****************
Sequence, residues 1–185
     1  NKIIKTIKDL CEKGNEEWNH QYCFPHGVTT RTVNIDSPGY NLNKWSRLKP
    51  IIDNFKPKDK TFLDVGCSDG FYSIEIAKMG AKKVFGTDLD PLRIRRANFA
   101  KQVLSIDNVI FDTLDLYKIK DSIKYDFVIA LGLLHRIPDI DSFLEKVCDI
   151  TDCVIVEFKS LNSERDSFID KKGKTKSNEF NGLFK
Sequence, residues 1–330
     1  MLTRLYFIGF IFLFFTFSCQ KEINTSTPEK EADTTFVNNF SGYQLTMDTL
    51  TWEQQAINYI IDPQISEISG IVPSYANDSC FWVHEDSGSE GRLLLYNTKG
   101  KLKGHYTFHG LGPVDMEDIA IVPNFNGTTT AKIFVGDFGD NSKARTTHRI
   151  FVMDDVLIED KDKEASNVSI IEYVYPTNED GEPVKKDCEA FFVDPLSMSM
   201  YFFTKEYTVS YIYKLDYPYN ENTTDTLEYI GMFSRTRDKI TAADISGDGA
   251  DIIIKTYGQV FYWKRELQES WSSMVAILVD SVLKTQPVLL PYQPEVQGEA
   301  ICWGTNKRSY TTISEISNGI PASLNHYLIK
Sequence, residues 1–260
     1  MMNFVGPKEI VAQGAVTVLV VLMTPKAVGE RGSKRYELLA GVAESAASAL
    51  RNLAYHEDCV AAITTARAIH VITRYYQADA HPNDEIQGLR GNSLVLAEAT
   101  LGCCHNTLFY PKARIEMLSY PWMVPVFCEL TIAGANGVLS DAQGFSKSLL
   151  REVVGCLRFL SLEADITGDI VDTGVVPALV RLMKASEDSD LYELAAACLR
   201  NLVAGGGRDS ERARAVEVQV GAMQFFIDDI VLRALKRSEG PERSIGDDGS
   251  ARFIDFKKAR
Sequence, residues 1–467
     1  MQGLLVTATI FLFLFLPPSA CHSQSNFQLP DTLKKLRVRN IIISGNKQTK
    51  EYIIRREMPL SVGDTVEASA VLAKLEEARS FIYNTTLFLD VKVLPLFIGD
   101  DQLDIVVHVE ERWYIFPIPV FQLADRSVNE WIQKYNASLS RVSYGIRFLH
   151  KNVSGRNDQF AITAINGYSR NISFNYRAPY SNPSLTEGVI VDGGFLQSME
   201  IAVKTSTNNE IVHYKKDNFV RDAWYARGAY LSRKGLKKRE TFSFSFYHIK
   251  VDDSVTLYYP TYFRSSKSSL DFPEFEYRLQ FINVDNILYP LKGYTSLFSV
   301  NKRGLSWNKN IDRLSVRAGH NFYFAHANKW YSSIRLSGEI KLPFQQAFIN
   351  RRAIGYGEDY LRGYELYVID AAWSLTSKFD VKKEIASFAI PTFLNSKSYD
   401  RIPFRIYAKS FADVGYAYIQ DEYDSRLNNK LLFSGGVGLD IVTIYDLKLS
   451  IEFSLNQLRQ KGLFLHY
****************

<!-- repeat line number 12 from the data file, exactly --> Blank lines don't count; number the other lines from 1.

   251  DIIIKTYGQV FYWKRELQES WSSMVAILVD SVLKTQPVLL PYQPEVQGEA